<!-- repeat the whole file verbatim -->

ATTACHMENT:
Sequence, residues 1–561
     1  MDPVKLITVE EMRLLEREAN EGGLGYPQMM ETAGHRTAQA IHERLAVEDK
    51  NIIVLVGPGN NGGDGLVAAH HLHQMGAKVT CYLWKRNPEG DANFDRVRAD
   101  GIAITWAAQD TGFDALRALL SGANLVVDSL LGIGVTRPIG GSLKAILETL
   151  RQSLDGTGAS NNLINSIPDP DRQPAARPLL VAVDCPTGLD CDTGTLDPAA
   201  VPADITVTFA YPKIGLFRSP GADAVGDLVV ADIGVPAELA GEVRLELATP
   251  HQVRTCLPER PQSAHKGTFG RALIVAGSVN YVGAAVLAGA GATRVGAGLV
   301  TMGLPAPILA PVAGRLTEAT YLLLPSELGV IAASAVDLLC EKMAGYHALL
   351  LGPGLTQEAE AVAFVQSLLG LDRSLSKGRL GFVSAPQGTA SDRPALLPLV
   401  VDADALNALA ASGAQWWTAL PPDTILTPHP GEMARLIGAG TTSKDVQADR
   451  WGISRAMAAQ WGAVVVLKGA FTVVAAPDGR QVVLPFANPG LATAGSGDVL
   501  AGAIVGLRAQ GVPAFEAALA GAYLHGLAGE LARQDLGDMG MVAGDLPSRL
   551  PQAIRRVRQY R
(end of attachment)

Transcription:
Sequence, residues 1–561
     1  MDPVKLITVE EMRLLEREAN EGGLGYPQMM ETAGHRTAQA IHERLAVEDK
    51  NIIVLVGPGN NGGDGLVAAH HLHQMGAKVT CYLWKRNPEG DANFDRVRAD
   101  GIAITWAAQD TGFDALRALL SGANLVVDSL LGIGVTRPIG GSLKAILETL
   151  RQSLDGTGAS NNLINSIPDP DRQPAARPLL VAVDCPTGLD CDTGTLDPAA
   201  VPADITVTFA YPKIGLFRSP GADAVGDLVV ADIGVPAELA GEVRLELATP
   251  HQVRTCLPER PQSAHKGTFG RALIVAGSVN YVGAAVLAGA GATRVGAGLV
   301  TMGLPAPILA PVAGRLTEAT YLLLPSELGV IAASAVDLLC EKMAGYHALL
   351  LGPGLTQEAE AVAFVQSLLG LDRSLSKGRL GFVSAPQGTA SDRPALLPLV
   401  VDADALNALA ASGAQWWTAL PPDTILTPHP GEMARLIGAG TTSKDVQADR
   451  WGISRAMAAQ WGAVVVLKGA FTVVAAPDGR QVVLPFANPG LATAGSGDVL
   501  AGAIVGLRAQ GVPAFEAALA GAYLHGLAGE LARQDLGDMG MVAGDLPSRL
   551  PQAIRRVRQY R